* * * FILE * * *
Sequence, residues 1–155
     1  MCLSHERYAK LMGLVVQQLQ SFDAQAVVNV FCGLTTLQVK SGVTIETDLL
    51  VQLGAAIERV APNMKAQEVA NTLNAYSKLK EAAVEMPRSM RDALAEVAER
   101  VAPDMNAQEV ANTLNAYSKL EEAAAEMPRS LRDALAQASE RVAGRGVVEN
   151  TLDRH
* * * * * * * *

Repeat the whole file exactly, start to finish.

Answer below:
Sequence, residues 1–155
     1  MCLSHERYAK LMGLVVQQLQ SFDAQAVVNV FCGLTTLQVK SGVTIETDLL
    51  VQLGAAIERV APNMKAQEVA NTLNAYSKLK EAAVEMPRSM RDALAEVAER
   101  VAPDMNAQEV ANTLNAYSKL EEAAAEMPRS LRDALAQASE RVAGRGVVEN
   151  TLDRH